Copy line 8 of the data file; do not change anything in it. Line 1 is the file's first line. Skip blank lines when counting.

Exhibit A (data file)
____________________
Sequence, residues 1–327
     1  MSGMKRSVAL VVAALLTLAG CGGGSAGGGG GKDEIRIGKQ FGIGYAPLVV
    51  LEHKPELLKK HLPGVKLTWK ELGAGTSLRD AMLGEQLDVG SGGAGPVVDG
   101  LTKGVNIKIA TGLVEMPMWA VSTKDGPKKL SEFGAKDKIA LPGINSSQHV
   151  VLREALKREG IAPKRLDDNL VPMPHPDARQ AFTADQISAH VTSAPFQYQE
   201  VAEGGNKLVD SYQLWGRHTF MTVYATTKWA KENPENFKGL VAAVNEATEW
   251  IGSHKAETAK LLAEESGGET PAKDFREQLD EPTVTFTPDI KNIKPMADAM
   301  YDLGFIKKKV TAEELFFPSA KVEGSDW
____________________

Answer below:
   301  YDLGFIKKKV TAEELFFPSA KVEGSDW